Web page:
Simmons tops Tommy Lee as reality star
“Lovely” and “moving” are not words I ever would have thought to apply to anything connected to mega-tongued, fire-spitting KISS frontman Gene Simmons. (I hear you say “Beth,” but that was Peter Criss.) Yet they are the very terms to describe “Gene Simmons’ Rock School,” a teenage reality makeover competition that premieres tonight on VH1, in a sort of “academic rock block” with the neither lovely nor moving nor remotely real “Tommy Lee Goes to College” (getting its cable-TV “second window” premiere, following its NBC bow Tuesday).
Arranged more or less along the lines of the Jack Black film “School of Rock,” “Rock School” finds Simmons, sans all but his ordinary daily makeup, taking a post at a 450-year-old English prep school in order to transform 10 classically trained young musicians into a fighting rock unit. (Their baptism of fire will be to open for Motorhead!) Like that film, it promises to be a story of transformation and empowerment in which the teacher will himself be taught.
Simmons, who briefly taught sixth grade in Spanish Harlem before rock stardom turned him into a different sort of professor, says he wants to know whether he would have been any good at the job. And notwithstanding his pupils’ initial impressions of him as “arrogant,” “intimidating” and “a bit of a weirdo,” the evidence on screen suggests he would be. He may not know how to behave in a public-radio interview, but he can talk to kids and has a natural sympathy for the misfit and underdog -- rock ‘n’ roll being traditionally a venue in which the last become first. “Rock is about finding who you are,” Mr. Simmons, as he gets to be called, tells his charges. “You don’t necessarily have to play your instrument very well at all. You can just barely get by and you can be in a rock band.”
There are some superfluous bits of exaggerated business: Simmons arrives in a limousine, flanked by blond hotties; deputy headmistress Mary Ireland is set up as a kind of watchful nemesis. But by the standards of the genre, the show is exceptionally genuine, in part because it focuses on kids, and in part because the teacher thoroughly knows and loves his subject. Tonight’s episode ends with the choosing of a lead singer -- appropriately, it is the class outcast, an intense little kid with ginger hair who “speaks Elvish” and sings out of time and out of tune, but with full-body attitude. It’s a killingly sweet moment -- “People are going to say, come, Josh, sit at our table,” he excitedly foresees -- that had me near tears, I don’t mind saying. (Well, I do a bit -- but it did.)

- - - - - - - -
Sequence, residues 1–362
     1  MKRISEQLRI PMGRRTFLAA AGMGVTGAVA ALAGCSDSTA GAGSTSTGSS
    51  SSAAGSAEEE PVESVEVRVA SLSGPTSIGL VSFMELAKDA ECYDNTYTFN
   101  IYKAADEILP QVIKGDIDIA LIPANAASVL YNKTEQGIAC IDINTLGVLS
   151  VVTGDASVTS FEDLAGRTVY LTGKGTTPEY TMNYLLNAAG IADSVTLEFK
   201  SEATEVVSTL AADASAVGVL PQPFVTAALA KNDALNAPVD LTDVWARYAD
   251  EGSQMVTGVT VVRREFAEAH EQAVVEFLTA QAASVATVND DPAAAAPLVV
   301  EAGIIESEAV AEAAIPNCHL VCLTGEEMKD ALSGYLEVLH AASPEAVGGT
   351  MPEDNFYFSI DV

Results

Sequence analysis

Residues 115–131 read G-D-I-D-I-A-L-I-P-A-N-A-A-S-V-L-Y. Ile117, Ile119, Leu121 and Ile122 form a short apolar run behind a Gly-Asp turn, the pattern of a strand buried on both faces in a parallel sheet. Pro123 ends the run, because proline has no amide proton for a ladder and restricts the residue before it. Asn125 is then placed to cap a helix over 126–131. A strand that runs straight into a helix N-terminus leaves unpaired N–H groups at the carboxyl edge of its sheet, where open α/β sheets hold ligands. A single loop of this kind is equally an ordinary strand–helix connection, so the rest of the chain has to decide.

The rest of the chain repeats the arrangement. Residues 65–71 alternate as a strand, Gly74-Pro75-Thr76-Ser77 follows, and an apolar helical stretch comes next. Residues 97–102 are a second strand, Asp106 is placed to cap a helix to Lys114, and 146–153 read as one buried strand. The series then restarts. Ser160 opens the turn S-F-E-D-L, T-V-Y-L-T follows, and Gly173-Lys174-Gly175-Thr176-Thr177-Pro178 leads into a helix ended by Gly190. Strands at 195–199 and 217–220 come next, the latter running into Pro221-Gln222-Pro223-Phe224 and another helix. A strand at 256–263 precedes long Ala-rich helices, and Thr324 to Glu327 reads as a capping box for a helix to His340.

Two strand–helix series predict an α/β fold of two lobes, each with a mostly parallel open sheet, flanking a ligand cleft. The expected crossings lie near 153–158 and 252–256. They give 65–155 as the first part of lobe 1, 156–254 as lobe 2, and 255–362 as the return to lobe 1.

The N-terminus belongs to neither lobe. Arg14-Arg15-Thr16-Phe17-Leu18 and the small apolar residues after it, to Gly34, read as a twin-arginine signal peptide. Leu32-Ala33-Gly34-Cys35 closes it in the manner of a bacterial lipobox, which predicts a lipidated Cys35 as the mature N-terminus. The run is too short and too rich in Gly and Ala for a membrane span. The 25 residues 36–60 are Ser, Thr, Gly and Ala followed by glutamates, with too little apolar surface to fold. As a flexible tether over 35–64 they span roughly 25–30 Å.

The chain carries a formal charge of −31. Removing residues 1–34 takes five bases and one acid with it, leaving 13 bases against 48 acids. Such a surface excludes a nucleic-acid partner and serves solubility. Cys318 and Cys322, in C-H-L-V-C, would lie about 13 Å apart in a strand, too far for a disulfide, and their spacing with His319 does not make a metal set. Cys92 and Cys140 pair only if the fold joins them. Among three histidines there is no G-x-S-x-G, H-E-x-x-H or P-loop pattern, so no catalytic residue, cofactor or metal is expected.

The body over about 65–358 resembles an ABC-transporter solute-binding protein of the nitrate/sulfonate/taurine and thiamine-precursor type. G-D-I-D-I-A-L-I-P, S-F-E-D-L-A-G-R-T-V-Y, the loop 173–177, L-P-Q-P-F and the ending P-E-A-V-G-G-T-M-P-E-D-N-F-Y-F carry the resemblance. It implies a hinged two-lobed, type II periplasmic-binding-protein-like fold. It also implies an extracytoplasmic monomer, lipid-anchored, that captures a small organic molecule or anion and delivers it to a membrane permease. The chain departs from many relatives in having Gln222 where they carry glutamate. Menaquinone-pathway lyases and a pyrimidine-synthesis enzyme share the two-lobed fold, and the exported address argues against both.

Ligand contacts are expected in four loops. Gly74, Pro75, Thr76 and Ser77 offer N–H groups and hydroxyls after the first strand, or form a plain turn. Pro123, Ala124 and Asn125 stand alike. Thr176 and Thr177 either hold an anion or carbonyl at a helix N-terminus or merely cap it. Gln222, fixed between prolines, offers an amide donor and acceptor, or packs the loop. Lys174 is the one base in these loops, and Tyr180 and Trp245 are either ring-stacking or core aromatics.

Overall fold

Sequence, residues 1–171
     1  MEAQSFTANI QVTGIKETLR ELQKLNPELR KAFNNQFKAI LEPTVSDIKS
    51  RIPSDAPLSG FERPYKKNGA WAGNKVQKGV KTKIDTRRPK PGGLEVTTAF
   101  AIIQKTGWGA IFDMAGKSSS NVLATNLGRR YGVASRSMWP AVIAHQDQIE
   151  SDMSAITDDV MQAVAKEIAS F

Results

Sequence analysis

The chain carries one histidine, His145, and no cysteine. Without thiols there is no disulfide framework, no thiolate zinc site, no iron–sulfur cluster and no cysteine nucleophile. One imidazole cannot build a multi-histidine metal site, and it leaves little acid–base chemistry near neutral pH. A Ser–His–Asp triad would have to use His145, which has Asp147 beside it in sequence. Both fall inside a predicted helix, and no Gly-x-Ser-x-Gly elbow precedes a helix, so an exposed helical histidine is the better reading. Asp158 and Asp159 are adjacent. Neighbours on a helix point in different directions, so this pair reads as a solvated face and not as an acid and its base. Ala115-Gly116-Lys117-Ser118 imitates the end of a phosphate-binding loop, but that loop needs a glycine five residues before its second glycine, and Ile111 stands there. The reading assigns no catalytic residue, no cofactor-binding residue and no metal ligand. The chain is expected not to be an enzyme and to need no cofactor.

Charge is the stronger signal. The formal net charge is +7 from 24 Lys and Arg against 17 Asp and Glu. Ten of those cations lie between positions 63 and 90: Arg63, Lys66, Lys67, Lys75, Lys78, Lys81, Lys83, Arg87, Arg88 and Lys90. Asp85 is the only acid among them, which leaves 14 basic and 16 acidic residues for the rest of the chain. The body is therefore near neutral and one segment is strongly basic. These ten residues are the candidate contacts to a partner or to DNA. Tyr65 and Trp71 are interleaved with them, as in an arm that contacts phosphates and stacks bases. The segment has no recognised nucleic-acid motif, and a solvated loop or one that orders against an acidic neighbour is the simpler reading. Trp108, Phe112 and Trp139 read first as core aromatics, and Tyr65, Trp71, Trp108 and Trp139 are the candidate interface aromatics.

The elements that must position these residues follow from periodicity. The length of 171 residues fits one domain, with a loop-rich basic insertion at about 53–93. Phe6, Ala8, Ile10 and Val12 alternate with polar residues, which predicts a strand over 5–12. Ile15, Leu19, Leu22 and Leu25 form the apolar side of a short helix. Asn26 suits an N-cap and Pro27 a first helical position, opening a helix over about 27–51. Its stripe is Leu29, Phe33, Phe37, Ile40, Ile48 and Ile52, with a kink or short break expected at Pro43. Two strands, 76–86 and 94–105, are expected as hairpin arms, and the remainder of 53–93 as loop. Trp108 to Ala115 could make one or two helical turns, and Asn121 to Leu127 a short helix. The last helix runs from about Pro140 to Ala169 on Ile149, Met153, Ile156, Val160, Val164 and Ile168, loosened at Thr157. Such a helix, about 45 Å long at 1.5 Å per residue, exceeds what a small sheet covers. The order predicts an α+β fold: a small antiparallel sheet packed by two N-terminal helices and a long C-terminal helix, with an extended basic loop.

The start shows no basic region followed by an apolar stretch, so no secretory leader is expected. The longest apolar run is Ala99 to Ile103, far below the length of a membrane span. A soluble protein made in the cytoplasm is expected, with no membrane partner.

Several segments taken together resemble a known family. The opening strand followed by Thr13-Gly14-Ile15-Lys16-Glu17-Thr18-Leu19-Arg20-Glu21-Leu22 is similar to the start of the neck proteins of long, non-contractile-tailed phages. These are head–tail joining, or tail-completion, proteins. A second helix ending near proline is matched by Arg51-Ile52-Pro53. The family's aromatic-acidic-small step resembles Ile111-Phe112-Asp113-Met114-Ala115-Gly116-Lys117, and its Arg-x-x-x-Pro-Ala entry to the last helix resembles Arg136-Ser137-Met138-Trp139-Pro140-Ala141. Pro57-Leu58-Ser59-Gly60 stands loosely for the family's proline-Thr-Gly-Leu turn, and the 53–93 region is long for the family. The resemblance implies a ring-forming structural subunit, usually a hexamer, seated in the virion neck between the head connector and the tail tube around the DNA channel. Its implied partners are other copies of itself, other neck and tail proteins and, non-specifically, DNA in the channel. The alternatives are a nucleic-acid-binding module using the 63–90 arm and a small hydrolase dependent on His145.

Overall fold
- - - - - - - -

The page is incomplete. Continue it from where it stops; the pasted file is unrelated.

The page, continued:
“Tommy Lee Goes to College,” on the other hand, in which the Motley Crue drummer spends a semester (or so) at the University of Nebraska at Lincoln, is almost pure artifice. It also is built upon a movie trope -- it is, essentially, the 1986 Rodney Dangerfield vehicle “Back to School,” in which a rascally old millionaire upsets the groves of academe. You have to wait until the end credits to read that “Some elements have been produced and/or edited for comedy,” but you will have worked that out long before then, from the sound and visual effects, the non-documentary camera placement, and the scene in which a “mobile army of interior decorators” arrive to “pimp” Tommy’s new (off-campus) dorm room. “Now it’s tight,” Tommy tells pleased roomie Matt. “Got the cappuccino machine crackin’, the flatty [that’s a flat-screen TV to you] .... Dude, look at the snazzy alarm clocks.”
Though Tommy declares his intention to “treat this with nothing but respect and love,” and tells his “hot tutor” Natalie “I didn’t come here to just goof around and party,” the fact is that he has come not to study and learn -- he isn’t even enrolled -- but to make a television show. Once you accept “Tommy Lee Goes to College” as merely an old-style campus comedy, it’s entertaining enough, in its lunkheaded, vaguely sexist way.
The star may actually have a brain in his head, but the comedy, in the first couple of episodes at least, is built almost entirely on his lack of aptitude -- horrified confusion is his nearly constant expression. But some sort of triumph surely awaits him at the end (in tonight’s episode he does manage to correctly identify a Turkish filbert in his horticulture class); and, of course, whatever happens here, he can always go back to being plain old Tommy Lee, a well-paying job for which he is uniquely qualified.
‘Gene Simmons’ Rock School’
When: 11 tonight
‘Tommy Lee Goes to College’
When: 10 tonight on VH1
Also: 9 p.m. Tuesdays on NBC